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Re: soil instead of laterite

>From: Steve Pushak <teban at powersonic_bc.ca>

>I discourage people from using any commercially packaged horticultural
>soil as these are too labile and fertile to be used in large amounts.
>Pottery clay, subsoil or garden dirt are better choices. Please read my
>web pages if you are interested. Also checkout Paul Krombholz's soil
>soup method in the Krib and APD archives. 
>Experimentation with soils without knowing what you're doing is an
>recipe for green water but with a little knowledge, I consider it a
>reasonable alternative. YMMV.

Since I use soil in some of my tanks, I think it is time to throw my 2
cents. If anyone is going to use soil instead of laterite,  they must
realize that they are taking a chance and as Steve P says YMMV. One should
approach the use of soil slowly and cautiously. A trial use is suggested
before setting up a full blown tank with it. For example using a little in
the bottom of a plastic pot layered between some coarse sand to keep it in
place and then covered with your favorite gravel/sand. I also recommend a
thin layer of filter floss to first cover the holes at the bottom of the
pot. There is also nothing wrong with only using soil in pots or for that
matter, only using pots in your aquarium to grow plants. I have several
tanks whose bottom is completely covered with pots, and they are not
covered over by gravel like (which is Dorothy Reimers method). These potted
tanks are so densely planted that it takes people a few minutes to notice
that the pots are even there. 

One must also recognize that when soil is first submerged, it will undergo
changes and  release some potentially toxic substances. This can be managed
in several ways, including a complete water change (obviously a nuisance)
and adding a chelator to bind any dissolved heavy metals. This is only a
problem when you are using a lot of soil at one time. Remember: "the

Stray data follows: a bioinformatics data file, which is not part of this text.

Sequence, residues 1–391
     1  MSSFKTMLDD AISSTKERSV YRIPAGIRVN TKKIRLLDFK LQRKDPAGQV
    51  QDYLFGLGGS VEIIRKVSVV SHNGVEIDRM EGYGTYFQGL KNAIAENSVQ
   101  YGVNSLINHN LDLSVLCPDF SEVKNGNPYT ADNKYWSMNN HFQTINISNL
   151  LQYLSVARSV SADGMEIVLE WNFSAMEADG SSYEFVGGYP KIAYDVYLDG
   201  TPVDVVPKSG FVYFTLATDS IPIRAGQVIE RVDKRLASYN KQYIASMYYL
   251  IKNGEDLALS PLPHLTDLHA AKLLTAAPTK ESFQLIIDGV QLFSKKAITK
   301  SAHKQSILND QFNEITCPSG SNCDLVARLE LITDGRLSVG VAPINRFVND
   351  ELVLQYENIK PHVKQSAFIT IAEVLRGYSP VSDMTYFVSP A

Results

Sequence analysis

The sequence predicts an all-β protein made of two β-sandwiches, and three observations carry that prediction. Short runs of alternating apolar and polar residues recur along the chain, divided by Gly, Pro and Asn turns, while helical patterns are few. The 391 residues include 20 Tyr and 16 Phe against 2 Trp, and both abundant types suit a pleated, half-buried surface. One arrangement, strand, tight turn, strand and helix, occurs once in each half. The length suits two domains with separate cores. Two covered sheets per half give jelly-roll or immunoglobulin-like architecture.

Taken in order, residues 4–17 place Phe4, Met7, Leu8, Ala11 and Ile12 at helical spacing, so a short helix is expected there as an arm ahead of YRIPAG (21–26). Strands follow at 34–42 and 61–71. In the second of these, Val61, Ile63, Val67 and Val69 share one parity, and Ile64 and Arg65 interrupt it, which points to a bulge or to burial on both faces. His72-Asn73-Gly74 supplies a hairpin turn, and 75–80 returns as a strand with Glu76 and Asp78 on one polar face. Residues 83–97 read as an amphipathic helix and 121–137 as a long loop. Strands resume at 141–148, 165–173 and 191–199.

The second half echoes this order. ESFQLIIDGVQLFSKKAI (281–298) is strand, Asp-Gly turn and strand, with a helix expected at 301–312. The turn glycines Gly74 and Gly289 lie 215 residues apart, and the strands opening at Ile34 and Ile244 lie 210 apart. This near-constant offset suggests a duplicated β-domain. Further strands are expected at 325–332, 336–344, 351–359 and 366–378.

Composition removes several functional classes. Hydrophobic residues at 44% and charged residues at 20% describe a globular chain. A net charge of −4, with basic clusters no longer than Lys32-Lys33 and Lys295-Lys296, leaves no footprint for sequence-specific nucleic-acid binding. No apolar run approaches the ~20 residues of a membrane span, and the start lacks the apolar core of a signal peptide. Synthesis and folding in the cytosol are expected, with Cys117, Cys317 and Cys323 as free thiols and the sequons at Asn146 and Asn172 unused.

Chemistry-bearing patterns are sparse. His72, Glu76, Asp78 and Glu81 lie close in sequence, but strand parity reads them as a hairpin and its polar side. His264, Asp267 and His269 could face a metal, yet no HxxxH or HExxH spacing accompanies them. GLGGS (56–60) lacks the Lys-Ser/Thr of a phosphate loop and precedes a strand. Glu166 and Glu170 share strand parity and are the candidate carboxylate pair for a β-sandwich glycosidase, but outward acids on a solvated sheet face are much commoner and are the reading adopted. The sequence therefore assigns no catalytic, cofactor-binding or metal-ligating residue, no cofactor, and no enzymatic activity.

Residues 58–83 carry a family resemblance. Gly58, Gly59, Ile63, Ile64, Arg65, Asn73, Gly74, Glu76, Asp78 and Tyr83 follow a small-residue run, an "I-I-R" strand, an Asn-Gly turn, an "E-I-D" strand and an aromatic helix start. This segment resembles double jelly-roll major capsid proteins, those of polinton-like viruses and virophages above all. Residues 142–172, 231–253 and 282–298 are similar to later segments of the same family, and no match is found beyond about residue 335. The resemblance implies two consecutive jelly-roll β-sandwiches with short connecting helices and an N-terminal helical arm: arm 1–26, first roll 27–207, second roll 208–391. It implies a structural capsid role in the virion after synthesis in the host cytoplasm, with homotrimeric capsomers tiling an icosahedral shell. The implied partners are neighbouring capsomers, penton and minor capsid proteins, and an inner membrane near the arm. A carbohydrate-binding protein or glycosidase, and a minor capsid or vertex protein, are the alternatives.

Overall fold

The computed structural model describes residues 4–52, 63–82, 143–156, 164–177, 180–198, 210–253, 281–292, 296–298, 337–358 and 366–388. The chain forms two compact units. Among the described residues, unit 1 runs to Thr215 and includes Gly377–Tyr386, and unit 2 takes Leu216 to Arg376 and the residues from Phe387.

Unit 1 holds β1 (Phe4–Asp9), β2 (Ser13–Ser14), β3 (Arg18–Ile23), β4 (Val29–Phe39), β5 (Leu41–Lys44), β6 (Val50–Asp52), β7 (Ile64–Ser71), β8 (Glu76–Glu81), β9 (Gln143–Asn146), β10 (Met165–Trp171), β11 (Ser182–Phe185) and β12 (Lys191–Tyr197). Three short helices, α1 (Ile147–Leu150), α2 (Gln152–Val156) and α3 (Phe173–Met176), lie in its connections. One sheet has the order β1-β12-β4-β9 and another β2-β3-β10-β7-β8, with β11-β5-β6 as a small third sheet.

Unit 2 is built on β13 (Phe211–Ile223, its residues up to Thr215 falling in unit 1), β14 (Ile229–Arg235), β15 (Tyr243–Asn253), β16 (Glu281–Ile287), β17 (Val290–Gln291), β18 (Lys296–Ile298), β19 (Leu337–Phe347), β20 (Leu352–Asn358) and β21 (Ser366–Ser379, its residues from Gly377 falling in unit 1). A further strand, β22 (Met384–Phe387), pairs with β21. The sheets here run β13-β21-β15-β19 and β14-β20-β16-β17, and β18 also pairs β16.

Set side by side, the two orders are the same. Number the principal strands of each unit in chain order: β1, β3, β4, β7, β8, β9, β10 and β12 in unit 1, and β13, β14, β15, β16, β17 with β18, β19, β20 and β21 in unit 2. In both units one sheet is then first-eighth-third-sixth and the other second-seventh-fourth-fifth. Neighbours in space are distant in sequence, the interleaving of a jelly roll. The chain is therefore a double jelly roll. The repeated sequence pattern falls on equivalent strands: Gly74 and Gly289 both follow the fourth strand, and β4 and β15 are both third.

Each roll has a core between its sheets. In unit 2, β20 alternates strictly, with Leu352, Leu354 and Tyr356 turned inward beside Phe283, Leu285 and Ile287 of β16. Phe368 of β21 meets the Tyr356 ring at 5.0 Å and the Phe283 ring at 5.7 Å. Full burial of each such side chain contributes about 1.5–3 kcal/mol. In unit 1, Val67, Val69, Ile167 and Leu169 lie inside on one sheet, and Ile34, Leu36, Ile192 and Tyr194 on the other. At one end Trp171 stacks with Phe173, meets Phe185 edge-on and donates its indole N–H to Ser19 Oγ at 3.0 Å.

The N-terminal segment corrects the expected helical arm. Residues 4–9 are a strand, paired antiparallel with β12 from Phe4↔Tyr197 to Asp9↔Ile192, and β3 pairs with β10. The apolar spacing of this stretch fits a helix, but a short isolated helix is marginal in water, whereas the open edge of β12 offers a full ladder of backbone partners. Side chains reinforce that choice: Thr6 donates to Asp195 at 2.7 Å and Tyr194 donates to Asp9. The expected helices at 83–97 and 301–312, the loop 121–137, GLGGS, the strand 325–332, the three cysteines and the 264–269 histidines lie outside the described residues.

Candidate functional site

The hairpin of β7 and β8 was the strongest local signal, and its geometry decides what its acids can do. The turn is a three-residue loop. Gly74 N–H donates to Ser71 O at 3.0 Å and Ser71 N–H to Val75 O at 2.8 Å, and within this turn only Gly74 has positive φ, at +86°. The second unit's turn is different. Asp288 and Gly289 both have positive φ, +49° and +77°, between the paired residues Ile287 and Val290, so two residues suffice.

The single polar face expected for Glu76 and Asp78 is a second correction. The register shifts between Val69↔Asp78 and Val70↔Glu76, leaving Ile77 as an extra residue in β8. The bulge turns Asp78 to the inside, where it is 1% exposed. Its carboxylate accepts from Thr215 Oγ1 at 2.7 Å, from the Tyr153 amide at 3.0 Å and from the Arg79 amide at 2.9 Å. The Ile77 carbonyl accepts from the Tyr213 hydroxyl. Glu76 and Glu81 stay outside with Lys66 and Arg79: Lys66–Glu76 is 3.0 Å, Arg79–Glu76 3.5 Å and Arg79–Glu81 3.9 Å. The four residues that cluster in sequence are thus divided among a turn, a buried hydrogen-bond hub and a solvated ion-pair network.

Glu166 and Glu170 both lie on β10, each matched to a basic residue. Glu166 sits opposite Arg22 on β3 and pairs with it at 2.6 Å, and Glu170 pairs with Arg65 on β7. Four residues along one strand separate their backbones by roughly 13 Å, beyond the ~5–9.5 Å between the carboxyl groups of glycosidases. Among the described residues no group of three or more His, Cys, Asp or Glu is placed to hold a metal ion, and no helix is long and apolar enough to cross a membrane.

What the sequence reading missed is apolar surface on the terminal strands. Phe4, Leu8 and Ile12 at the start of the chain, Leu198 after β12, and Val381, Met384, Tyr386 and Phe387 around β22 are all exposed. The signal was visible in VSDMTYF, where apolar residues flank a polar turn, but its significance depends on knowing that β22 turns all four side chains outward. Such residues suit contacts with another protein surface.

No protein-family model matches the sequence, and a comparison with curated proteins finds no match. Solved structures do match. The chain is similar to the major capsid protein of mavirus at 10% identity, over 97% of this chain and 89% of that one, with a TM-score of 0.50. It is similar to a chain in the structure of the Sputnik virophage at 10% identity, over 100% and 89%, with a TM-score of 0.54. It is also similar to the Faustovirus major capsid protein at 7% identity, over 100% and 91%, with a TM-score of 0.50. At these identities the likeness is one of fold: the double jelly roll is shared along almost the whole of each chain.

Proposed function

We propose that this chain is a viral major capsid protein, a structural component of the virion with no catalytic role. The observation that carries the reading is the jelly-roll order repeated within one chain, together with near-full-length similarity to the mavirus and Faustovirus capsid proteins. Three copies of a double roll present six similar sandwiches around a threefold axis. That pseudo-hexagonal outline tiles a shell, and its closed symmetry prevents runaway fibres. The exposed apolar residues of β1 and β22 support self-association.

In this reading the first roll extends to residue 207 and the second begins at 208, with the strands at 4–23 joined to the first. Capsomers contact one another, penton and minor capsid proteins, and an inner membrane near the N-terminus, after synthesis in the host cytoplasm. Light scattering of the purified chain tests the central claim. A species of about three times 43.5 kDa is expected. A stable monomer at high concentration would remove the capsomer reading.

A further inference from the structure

solution to pollution is dilution." In my experience, a handful of sand
covered soil in a 100 gallon tank does not warrant any special treatment.
The subject of soil submergence was thoroughly covered by Diana Walstad and
can be found in several articles in the bag issue of TAG.

Another important point to emphasize is that if you do use soil, you do
_NOT_ need a thick layer. In my experience, the biggest problems I had with
soil in aquaria was when I used a layer more than 0.5-1 cm thick.  One can
follow the same proportions and layering that is used for laterite... and
with similar clayey soils... you "can" get very similar results. I say can,
because all soils are different and until they are analyzed and or tried,
you will not know. I don't use a thick layer and don't like a rich
substrate. I am adding soil to act like laterite - to provide an intial
source of iron (until the substrate becomes root bound and over oxegenated)
and to provide a sink for phosphates. Again, the use of soil in pots is an
OK way to go.

I have the luxury of having a nice source of soil in my back yard. Whenever
I need some, I go in the woods and dig some up. I scrape off the top layer
of leaves and surface tree roots and get the material around 6 inches down.
It is a nice loamy soil. I remove the rocks and as much of the organic
material that I can see. i do not worry too much about the other litter. A
few weeks of composting in a shoe box (as suggested by Paul K. will also
help digest any OM that still needs to decompose). If I were to get soil
from a commercial source (which I tried several years ago), I would look
for the cheapest grocery story soil I could find. The cheaper the
better...e.g. $3.00 for a 40 pound bag. The cheap stuff probably does not
contain bark chips or peat moss or other organic amendments. It is best to
peak inside or find a bag with a small hole to check the consistency of the
material. This is hard for me to describe in words. This is where
experience helps. Maybe a soil scientist on the list can give a good
description of loam <g>. Anyway, the advantage of buying a 50 lb bag is
that it gives the city dweller a source of material that can last a while.
But before you use the entire bag at one time, you must set up a trial pot
under water and see how it works for you. I had to try several different
bags before I found one that worked for me. Except for the fun of it, I
might have been wiser and saved money by getting a box of laterite.

--Neil, AGA